Johnny Ronan's plans for a ten storey over basement 44 unit build-to-rent apartment scheme on Dublin's Appian Way is facing strong opposition from local residents.
This follows the Upper Leeson Street Area Residents Association lodging a strident 12 page objection against the Ronan scheme which is made up of 29 studio apartments and 15 one bed apartments.
The scheme is planned for a 0.092 hectare site at the junction of Appian Way and Leeson Street Upper.
As the site is below the 0.1 hectare threshold for social housing provision, Mr Ronan’s firm RGRE and J&R Valery's Ltd is not required to provide any of the apartments for social housing.
Planning consultants for the applicants, John Spain & Associates contend that the proposal will provide "a quality build to rent residential development in an existing urban area adjoining high quality public transport".
Mr Spain said that the scheme design "creates a high quality feature building at this prominent corner site and key gateway to Dublin City centre".
The Spain submission further contends that the ten storey height "contributes to the wider streetscape and urban form of the area" and also "provides much needed accommodation in a highly accessible area well served by public transport".
However, Armstrong Planning on behalf the Upper Leeson Street Area Residents Association, said "we object to the proposed development in the strongest possible terms on the grounds that the height, form and scale of the scheme in close proximity to the established, mainly two storey over basement residences of the immediate area, is completely out of character with the local built form and as such would militate against the principles of proper planning and development of the area".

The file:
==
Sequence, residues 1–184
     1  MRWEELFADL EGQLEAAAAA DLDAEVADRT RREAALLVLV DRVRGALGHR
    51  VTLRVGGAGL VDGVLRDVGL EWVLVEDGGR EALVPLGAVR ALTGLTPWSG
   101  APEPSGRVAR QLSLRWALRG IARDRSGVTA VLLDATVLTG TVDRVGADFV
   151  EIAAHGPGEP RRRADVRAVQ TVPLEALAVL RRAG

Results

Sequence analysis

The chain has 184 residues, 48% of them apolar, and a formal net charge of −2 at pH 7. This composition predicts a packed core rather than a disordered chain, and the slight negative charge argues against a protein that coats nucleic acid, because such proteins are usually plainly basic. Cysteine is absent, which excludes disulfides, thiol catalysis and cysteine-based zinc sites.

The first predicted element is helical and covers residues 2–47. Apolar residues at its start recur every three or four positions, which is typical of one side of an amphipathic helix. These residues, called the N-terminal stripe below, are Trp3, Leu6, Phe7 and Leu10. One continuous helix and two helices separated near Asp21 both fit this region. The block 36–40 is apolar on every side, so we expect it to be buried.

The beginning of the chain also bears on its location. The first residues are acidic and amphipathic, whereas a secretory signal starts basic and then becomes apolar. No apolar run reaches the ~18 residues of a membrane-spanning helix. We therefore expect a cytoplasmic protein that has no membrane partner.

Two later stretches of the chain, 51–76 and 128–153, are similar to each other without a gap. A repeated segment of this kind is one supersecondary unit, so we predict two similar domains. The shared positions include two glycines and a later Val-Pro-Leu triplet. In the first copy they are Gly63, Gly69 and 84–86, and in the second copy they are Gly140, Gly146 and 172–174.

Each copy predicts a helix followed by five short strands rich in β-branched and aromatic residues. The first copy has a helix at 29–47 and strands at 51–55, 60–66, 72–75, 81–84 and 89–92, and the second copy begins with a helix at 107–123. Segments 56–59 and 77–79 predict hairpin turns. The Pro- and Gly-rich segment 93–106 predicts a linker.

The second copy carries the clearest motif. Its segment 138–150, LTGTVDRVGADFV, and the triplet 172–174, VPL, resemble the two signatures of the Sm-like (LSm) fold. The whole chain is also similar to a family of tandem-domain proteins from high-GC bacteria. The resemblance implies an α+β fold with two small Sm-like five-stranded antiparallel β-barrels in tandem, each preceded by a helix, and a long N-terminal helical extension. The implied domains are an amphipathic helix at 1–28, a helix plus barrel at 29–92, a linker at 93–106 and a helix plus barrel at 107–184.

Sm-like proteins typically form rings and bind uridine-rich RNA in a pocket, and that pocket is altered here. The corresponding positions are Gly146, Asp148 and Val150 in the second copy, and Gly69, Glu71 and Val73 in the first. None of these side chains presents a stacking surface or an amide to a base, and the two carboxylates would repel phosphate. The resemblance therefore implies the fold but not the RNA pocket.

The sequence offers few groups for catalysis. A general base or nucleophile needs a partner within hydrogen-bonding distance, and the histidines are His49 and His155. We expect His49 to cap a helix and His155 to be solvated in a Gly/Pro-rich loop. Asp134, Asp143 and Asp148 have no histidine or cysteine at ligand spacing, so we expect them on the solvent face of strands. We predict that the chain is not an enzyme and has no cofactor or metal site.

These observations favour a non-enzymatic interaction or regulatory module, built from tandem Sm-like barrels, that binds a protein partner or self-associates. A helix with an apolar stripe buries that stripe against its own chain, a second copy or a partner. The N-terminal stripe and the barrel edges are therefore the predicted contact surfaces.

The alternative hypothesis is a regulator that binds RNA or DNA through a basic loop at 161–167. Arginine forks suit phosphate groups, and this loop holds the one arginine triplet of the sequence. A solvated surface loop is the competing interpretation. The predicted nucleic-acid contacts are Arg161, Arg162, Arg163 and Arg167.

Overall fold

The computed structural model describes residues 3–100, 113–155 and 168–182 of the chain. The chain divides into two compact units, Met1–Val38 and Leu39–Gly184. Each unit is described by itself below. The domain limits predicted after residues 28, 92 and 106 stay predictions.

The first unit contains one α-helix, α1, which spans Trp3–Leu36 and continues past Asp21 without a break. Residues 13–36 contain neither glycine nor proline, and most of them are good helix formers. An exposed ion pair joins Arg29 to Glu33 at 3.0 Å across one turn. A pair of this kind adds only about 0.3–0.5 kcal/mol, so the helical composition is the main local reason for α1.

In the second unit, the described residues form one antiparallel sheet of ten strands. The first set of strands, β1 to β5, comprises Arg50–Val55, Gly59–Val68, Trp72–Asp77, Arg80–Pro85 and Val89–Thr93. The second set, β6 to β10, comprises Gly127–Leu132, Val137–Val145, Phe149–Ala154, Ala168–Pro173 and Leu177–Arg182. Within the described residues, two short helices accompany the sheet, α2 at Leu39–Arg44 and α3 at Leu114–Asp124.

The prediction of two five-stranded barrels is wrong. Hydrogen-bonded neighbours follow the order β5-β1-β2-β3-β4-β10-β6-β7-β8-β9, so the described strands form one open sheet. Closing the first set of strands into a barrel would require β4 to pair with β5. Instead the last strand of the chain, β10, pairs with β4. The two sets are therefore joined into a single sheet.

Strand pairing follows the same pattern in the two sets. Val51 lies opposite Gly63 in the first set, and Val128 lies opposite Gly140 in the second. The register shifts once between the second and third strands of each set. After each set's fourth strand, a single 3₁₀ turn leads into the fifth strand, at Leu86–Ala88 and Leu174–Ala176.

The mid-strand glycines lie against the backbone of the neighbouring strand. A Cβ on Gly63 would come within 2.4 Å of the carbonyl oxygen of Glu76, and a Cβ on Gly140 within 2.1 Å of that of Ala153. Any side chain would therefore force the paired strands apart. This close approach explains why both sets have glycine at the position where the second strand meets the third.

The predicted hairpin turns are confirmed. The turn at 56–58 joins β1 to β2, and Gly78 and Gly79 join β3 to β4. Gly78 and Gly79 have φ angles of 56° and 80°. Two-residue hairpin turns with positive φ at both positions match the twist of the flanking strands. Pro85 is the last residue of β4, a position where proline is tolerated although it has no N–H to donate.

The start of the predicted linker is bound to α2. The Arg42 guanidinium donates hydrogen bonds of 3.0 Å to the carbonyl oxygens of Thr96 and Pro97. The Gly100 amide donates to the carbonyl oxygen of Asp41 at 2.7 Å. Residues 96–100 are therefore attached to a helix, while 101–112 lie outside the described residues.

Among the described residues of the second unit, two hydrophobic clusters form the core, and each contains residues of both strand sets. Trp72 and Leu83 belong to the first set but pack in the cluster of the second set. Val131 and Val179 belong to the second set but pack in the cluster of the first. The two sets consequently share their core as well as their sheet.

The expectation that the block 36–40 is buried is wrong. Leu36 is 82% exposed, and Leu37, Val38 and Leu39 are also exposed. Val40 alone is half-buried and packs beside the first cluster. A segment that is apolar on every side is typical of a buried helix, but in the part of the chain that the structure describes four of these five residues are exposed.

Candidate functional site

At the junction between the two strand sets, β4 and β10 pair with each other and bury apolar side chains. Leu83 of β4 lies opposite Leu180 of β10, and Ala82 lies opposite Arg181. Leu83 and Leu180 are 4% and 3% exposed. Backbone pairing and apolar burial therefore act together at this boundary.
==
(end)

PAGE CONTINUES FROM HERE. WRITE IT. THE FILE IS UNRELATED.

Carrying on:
Armstrong Planning state that the "simple realty is that the proposed tower would be visually incongruous in the existing site context which is not expected to change and would be out of character with the area by reason of its vastly excessive height in material contravention of the City Development Plan and should be refused accordingly".
The objection also argues that the scheme will undoubtedly result in undue overshadowing to the rear gardens east, south and west "given the proximity of these spaces and the height of the development".
The objection states that the height of the tower at 34.4 metres "is simply too high for the site in such close proximity to nearby residences".
Armstrong Planning also states that the 100% proportion of one bed units "is indicative of a seriously unsustainable form of development for the site".
The Dun Laoghaire based planning consultants said that the scheme constitutes overdevelopment in a sensitive site.
Armstrong Planning argue the proposal "clearly contravenes numerous policies" of the city development plan.
The objections states that "thankfully, there is strong policy support for the protection of our built heritage and residential amenities".
In a separate submission on behalf of the management company for the nearby Courtney House, Ray MacDonnell Architects state that the 10 storey over basement scheme "would appear to be an excessive development height" for the area.
A decision is on the application next month.